SAN FRANCISCO — Employee shuttle buses for Silicon Valley tech firms, which have become a symbol of income disparity in San Francisco, will soon be charged for using public bus stops, the San Francisco Chronicle reported.
The agreement, which had been in the works for months, took on added urgency in recent weeks as protesters blocked Google buses in San Francisco and Oakland, according to the report.
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(SFMTA announcement of the shuttle program)
The San Francisco Municipal Transportation Agency (SFMTA), Mayor Ed Lee, Genentech, Google, Apple, Facebook, Bauer's Intelligent Transportation and the Bay Area Council announced an agreement to launch a commuter shuttle bus pilot program that will minimize impacts to Muni, while maximizing the traffic and environmental benefits of employer-provided shuttles.
The shuttles provide more than 35,000 boardings per day in San Francisco, eliminating at least 45 million vehicle miles traveled and 761,000 metric tons of carbon every year from the region’s roads and air.
After more than a year of collaborative work, the group came to a broad consensus on a package of policy recommendations allowing commuter shuttles to use a limited network of approved Muni zones, as part of an 18-month pilot program. The Pilot Program includes:
- Charging a daily fee based on the number of stops that a shuttle provider or employer makes to fully cover the SFMTA’s cost of administering and enforcing the program and includes private investment to improve select stops. Fees are estimated to raise tens of thousands of dollars monthly to the largest transportation providers.
- Approval of 200 bus stops (out of more than 2,500 total in the Muni system) to be used by providers
- Private shuttle providers will pay to use Muni bus zones, based on a per stop, per day, cost recovery schedule. Due to Proposition 218, the SFMTA cannot create a fee structure that goes beyond the cost to provide such a service or policy.
- Providers would operate in accordance to agreed-upon guidelines, such as yielding to Muni and pulling to the front of the zone making more room for other vehicles, and avoiding steep and narrow streets.
- The agency would enforce these rules to ensure only participating companies are using shared zones. It will be illegal to use all other bus zones.
- Each commuter shuttle will be issued a unique identification placard so enforcement personnel can easily identify vehicles.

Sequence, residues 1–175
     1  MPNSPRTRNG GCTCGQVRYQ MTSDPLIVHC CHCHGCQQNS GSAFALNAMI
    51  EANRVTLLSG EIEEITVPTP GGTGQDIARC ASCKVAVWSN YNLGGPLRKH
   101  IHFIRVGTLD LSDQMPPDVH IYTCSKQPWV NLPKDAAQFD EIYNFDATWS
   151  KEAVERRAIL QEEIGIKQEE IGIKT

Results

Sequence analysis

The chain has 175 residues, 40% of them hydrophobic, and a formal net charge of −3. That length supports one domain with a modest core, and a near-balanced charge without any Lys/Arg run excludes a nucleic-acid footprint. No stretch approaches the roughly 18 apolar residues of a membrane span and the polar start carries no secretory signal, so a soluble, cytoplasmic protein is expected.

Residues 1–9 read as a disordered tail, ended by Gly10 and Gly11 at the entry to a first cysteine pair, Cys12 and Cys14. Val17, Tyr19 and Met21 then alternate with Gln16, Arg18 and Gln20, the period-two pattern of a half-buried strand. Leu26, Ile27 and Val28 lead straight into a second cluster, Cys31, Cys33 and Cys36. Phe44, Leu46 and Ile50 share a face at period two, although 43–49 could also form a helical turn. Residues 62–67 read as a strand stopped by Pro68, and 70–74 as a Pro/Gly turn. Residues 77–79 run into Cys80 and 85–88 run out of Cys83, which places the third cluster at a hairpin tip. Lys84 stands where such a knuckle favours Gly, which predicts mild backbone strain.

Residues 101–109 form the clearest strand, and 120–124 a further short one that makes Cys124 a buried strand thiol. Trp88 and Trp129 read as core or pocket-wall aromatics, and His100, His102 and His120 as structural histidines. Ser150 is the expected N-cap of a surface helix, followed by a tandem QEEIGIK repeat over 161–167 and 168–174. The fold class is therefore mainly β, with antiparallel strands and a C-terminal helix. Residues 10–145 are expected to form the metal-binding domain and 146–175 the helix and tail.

- Providers would share data with SFMTA to ensure that location information is available for complaint follow-up, enforcement and to support the agency’s transportation system management.
“The private commuter shuttle sector has been growing very rapidly over the last few years and our policies are now catching up,” said Tom Nolan, Chairman of the MTA Board of Directors. “How we deal with shuttles now is not sustainable and this proposal gives the board an opportunity to vote on a policy that increases safety, reduces impacts on Muni, provides more information, improves the flow of traffic and reduces driving simultaneously.”
Currently, issues are resolved on a case-by-case basis, which is not sustainable or effective in managing this mode of transportation. The private shuttles predominantly use Muni bus zones, without any coordination with Muni and this can lead to delays on the transit system. The city does not have complete information about which shuttles operate where and this makes it difficult and time consuming to follow up on inquiries and complaints.
The commuter shuttle sector includes employers and institutions (medical centers, universities), as well as some buildings that provide commute shuttle transportation within San Francisco and between San Francisco and other cities. This does not include tour buses, airport shuttles, jitneys, charter buses or limousines.
The proposal will be taken to the MTA board on January 21. If the board takes action, the SFMTA will ask shuttle providers to propose stops for inclusion into the bus zone network and will ask San Francisco residents for their input to determine specific bus zones that can be used. Final plans will be approved by public hearing in late spring.
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